Yeah that’s right. All the boozy sad white guys are together in this little piece of film. Hipsters, enjoy!
Slattery and the National’s Matt Berninger star as secret service agents, protecting the President, played by Kristen Schaal (“Flight of the Conchords”, “The Daily Show”). And speaking of the National, they’ve got shows coming up on four different continents, including performances of their multi-media opus The Long Count in Amsterdam. We’ve got their tour dates listed out below.
The National are busy touring the world. After (brilliant) performances in the Netherlands, they’ll return here on June 1 and 2 for their multimedia opus The Long Count in the Muziekgebouw aan ‘t IJ in Amsterdam, on July 12 for an open-air acoustic concert in the dunes of Bloemendaal, and on July 13 in Tilburg’s 013.
There has been a whole lot of buzz about the new AMC show The Walking Dead, starting months before the airing of the first episode. The new zombie comic book adaptation by director Frank Darabont (The Shawshank Redemption) got popular culture nerds more hyped up than Eric Cartman waiting for a Nintendo Wii. Nerdcore has spent countless posts on it and has in-length reviews of the first two episodes, as do Salon, NYTimes, IGN and The New York Post. The reviewer of the NYT explains why women love vampires and men like zombies in horror flicks, which is proven by Linda Stasi of the New York Post: “The zombies are truly scary and disgusting. The survivors are terrific characters, and the gore is enough for any lunatic to love. But no amount of love is going to make a flesh-rotting zombie as sexy as a blood-thirsty vampire.”
So, the buzz has been big, but does the new AMC show live up to the hype? The answer to that question is ambiguous. After having watched the first episode I’m both enthousiastic and a bit sceptical of what’s to come. Let’s start with the good stuff. First of all, the idea is great, a quality drama series in a classic zombie setting. All the other necessary elements are there as well: good actors, great production value, realistic make-up and costumes, lots of suspense, but also quality drama. The feel of the series can be described as Night of the Living Dead (or the recent remake of Dawn of the Dead) meets 28 Days Later, meets classic Western. The list of similar post-apocalyptic fish-out-of-the-water plots also includes Cloverfield, Children of Men and maybe even The Road. But those are all feature films and this is a tv series. Which is great, because that means we get multiple seasons of one hour episodes in which we can get to know the characters and gradually see the zombie apocalypse unfold. Sometimes, the show makes you feel you’re watching a film adaptation of the videogame Fallout 3. It has the same subtle Western influences.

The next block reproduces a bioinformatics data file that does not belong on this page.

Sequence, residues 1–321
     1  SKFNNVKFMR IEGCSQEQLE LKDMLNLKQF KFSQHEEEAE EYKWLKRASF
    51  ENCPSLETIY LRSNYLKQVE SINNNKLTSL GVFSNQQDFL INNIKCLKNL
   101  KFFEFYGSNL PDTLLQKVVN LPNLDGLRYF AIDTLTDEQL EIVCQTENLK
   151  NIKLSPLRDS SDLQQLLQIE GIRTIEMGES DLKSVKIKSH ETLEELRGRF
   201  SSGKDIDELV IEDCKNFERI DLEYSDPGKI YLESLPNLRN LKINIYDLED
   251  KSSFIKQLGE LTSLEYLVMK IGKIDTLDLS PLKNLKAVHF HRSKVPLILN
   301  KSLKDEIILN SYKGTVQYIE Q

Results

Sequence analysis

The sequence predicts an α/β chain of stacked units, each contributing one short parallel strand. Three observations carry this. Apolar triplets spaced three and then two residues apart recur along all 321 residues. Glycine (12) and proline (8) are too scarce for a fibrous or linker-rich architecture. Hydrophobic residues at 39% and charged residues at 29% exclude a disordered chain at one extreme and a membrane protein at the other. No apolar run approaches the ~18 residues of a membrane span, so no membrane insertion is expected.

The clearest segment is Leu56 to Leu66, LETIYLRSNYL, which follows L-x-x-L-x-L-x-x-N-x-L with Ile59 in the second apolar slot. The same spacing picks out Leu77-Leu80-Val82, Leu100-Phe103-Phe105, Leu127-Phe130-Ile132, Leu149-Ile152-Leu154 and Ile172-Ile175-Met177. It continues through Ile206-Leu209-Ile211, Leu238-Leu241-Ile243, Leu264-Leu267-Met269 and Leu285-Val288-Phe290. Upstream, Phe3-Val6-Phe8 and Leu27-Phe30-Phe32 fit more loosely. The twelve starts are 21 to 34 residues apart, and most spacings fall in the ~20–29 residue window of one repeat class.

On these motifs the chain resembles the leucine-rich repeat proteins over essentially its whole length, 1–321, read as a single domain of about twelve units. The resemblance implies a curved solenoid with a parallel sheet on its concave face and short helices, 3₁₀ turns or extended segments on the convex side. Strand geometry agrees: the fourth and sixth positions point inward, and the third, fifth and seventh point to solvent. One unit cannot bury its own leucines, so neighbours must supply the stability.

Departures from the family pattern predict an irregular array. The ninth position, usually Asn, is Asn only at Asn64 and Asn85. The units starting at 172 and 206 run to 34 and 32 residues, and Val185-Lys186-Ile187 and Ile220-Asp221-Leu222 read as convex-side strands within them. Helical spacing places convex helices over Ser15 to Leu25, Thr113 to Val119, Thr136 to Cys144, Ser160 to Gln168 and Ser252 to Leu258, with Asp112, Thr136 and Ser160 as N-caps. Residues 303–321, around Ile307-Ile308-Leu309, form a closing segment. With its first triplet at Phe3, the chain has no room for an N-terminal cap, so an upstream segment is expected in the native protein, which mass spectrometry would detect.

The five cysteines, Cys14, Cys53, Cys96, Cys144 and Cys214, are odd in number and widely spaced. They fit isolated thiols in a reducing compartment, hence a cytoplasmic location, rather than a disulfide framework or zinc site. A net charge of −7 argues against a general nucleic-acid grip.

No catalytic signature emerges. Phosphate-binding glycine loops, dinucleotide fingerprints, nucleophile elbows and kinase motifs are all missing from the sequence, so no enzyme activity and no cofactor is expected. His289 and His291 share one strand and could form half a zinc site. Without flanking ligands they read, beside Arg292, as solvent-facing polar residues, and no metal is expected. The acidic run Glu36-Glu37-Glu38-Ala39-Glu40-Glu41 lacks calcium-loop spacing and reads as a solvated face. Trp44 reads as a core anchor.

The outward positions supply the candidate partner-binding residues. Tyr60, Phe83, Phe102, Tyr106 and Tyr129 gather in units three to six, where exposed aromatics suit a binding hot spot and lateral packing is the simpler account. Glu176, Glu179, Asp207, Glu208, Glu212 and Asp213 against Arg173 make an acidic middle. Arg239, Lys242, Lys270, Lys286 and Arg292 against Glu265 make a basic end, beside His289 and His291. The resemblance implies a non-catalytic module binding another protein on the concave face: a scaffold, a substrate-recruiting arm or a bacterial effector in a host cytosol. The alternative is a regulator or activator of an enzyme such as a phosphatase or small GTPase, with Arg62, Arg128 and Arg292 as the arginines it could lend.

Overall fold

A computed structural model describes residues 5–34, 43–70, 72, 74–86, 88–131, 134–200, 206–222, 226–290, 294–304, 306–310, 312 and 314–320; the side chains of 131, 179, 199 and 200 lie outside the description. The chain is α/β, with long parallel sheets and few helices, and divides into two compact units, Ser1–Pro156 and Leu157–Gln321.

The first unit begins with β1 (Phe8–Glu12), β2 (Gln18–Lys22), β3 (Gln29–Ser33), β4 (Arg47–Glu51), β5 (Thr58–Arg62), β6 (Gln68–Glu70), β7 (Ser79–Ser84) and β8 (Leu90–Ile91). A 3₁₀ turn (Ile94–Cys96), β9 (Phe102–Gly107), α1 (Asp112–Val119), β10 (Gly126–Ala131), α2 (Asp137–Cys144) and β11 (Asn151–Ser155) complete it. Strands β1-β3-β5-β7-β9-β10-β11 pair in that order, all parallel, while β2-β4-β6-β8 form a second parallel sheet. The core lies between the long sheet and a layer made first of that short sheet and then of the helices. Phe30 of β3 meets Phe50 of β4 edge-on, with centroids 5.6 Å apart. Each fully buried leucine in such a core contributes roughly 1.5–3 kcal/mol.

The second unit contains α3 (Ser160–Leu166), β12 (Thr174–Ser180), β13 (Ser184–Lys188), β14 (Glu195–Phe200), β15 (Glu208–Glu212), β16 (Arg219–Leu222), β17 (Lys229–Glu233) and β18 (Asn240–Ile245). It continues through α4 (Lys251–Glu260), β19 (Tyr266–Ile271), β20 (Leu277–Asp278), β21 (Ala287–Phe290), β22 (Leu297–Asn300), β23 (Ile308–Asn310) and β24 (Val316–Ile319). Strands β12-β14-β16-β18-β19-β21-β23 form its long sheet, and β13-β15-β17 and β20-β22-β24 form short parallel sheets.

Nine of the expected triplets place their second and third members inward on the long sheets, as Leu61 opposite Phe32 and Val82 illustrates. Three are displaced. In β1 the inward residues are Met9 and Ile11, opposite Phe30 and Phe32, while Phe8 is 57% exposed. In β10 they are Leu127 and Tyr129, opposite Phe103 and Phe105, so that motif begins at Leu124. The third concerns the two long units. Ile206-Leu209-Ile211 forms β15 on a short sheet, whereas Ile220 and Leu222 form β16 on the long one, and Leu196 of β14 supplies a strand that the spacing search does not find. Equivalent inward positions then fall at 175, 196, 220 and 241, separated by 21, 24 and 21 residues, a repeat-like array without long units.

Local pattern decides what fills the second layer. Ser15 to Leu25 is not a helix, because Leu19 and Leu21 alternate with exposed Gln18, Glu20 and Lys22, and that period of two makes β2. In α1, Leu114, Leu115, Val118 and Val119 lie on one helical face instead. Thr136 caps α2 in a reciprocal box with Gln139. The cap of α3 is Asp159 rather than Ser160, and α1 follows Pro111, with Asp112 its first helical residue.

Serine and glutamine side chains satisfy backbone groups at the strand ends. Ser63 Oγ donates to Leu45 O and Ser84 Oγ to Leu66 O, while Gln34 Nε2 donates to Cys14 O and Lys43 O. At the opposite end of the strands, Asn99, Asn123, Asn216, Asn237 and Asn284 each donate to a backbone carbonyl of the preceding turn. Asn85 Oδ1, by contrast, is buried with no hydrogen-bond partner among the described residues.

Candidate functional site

Now, for the “BUT”. The show is good, but it’s not as mindblowing as other AMC or HBO series of the last decade. If you were thinking: hey it’s AMC, this is gonna be a show of Mad Men proportions, you’re wrong. It does not reach the same dramatic height of that show, and is even further removed from the quality of The Sopranos, The Wire or Lost. There’s an obvious reason for that: it’s a zombie show! There are some dramatic storylines in it, but it can never reach the grandeur of the modern Greek tragedy The Sopranos or the meticulously crafted historic drama of Mad Men, for the simple reason that it’s about zombies and not about real-as-life New Jersey mobsters or Madison Avenue admen. It also doesn’t have a brilliant lead actor like Steve Buscemi (who singlehandedly carries Boardwalk Empire). A good comparison is the great show Entourage. A very fun and entertaining show, in which the visuals, suspense and general coolness of the characters are just as important as the storyline and character development. A big reservation for me is the dialogue, which at sometimes is spot on and at other moments is downright corny. Another one is the plot, which in the first episode was more than decent and gives enough opportunity for interesting developments, but was also a bit cliche. There were no premises or twists we haven’t seen in other zombie stories. The writers will have to come up with some good surprises to keep the audience happy. But mostly it’s just a very fun show to watch and the horror suspense is as good as in any popular full-length horror movie.
Watch the 5 minute long trailer here.
A new series by HBO, premieres on September 19 in the US:
Directed by Martin Scorsese and starring Steve Buscemi. Looks great!
Dozens of pickup lines from Mad Men.